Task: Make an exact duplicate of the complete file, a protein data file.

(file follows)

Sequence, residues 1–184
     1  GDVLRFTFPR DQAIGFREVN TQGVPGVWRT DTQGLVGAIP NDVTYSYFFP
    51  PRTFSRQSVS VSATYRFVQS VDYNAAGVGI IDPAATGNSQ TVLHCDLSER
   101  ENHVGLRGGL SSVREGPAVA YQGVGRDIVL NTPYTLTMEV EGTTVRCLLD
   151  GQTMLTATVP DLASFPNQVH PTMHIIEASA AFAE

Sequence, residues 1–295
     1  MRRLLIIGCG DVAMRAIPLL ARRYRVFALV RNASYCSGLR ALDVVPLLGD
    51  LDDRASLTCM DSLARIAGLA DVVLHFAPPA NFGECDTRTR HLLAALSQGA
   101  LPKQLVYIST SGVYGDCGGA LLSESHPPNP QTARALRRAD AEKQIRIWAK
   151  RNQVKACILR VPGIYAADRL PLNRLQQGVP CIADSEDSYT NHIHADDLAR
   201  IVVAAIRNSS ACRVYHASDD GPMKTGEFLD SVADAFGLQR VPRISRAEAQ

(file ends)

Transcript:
Sequence, residues 1–184
     1  GDVLRFTFPR DQAIGFREVN TQGVPGVWRT DTQGLVGAIP NDVTYSYFFP
    51  PRTFSRQSVS VSATYRFVQS VDYNAAGVGI IDPAATGNSQ TVLHCDLSER
   101  ENHVGLRGGL SSVREGPAVA YQGVGRDIVL NTPYTLTMEV EGTTVRCLLD
   151  GQTMLTATVP DLASFPNQVH PTMHIIEASA AFAE

Sequence, residues 1–295
     1  MRRLLIIGCG DVAMRAIPLL ARRYRVFALV RNASYCSGLR ALDVVPLLGD
    51  LDDRASLTCM DSLARIAGLA DVVLHFAPPA NFGECDTRTR HLLAALSQGA
   101  LPKQLVYIST SGVYGDCGGA LLSESHPPNP QTARALRRAD AEKQIRIWAK
   151  RNQVKACILR VPGIYAADRL PLNRLQQGVP CIADSEDSYT NHIHADDLAR
   201  IVVAAIRNSS ACRVYHASDD GPMKTGEFLD SVADAFGLQR VPRISRAEAQ